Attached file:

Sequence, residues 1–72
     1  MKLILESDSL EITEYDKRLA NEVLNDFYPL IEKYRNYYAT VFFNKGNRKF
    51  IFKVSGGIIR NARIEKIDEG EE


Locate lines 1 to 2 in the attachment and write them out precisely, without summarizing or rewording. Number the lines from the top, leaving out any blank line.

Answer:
Sequence, residues 1–72
     1  MKLILESDSL EITEYDKRLA NEVLNDFYPL IEKYRNYYAT VFFNKGNRKF